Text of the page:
0
    Sigma Toot
    Sigma Toot

    1 year ago on Introduction

    Hi Becky
    What an inspirational concept! At the tender age of 66, I've still got the same enthusiasm for technology as when I took my first b&w 405-line TV to bits ... this sort of project is *exactly* what's needed to encourage more uptake in STEM.
    Fantastic! - keep up the good work.

    PS - my user name alludes to my garage i.e. 'Sigma' (the sum of) plus 'Toot' - a weird North of England word that my wife uses to describe all those 'interesting & potentially useful' things I hoard (and which most other people would throw away) 😄👍

    0
    Sawadeee
    Sawadeee

    Reply 1 year ago

    Great job. Been ham since 1964. Happy to see smart young people learning and enjoying this hobby. I see an engineer in the making...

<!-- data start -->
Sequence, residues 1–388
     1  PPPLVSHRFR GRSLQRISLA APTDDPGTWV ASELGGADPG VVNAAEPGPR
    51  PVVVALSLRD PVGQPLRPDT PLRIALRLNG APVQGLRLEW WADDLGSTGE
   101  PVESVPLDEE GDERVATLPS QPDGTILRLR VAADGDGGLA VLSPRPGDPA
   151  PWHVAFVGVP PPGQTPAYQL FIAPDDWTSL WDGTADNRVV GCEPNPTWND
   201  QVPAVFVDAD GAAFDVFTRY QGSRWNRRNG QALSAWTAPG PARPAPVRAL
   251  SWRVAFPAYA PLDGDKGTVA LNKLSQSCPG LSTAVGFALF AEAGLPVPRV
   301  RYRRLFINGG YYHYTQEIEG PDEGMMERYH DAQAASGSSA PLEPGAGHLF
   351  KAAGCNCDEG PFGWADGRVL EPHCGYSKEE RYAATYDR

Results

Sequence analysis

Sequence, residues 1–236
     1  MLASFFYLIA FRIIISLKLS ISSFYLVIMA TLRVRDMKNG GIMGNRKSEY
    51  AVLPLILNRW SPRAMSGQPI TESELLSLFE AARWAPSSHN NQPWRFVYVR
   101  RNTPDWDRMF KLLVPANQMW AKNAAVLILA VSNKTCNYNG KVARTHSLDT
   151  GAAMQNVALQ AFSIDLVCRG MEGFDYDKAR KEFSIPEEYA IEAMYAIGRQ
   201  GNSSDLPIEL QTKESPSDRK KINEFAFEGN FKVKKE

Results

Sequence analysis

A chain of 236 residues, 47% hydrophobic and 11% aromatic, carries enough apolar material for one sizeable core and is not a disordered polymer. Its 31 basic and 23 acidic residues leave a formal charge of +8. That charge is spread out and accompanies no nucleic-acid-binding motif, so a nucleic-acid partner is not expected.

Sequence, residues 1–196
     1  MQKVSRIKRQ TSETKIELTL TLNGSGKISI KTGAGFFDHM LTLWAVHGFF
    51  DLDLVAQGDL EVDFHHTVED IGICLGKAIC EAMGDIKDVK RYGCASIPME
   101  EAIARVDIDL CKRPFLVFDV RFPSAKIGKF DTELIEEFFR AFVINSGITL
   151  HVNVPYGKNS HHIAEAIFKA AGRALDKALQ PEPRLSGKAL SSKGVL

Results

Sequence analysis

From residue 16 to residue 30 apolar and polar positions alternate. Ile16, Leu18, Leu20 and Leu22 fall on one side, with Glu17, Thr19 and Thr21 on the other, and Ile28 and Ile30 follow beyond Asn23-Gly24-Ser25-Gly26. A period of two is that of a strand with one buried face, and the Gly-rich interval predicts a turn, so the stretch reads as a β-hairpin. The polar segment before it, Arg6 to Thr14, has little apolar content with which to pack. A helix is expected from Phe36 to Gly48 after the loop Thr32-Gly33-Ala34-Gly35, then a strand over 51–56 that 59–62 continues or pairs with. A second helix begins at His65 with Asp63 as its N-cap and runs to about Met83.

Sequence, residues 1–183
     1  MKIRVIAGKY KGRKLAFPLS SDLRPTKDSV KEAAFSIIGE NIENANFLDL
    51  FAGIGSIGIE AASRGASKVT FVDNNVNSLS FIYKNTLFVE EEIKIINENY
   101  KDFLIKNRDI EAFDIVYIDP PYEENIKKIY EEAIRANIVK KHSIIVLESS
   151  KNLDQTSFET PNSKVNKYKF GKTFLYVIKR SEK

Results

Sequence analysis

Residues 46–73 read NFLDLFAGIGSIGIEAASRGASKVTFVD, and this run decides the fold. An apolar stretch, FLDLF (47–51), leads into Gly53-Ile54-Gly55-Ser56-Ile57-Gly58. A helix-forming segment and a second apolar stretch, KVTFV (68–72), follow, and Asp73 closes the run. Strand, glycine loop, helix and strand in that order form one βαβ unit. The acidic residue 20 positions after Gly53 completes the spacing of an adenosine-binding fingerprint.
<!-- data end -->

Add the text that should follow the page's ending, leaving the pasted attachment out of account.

PS. Narrators voice was perfect.

    0
    ANDRELAS
    ANDRELAS

    Reply 1 year ago

    Maybe short pigeon French for tout le monde.

    0
    mcshrade
    mcshrade

    1 year ago

    That last group of signals was upper sideband voice. You were in AM or possibly FM when
    you should have been in USB. Those signals were actually very good considering they were from space, so the antenna is working quite well!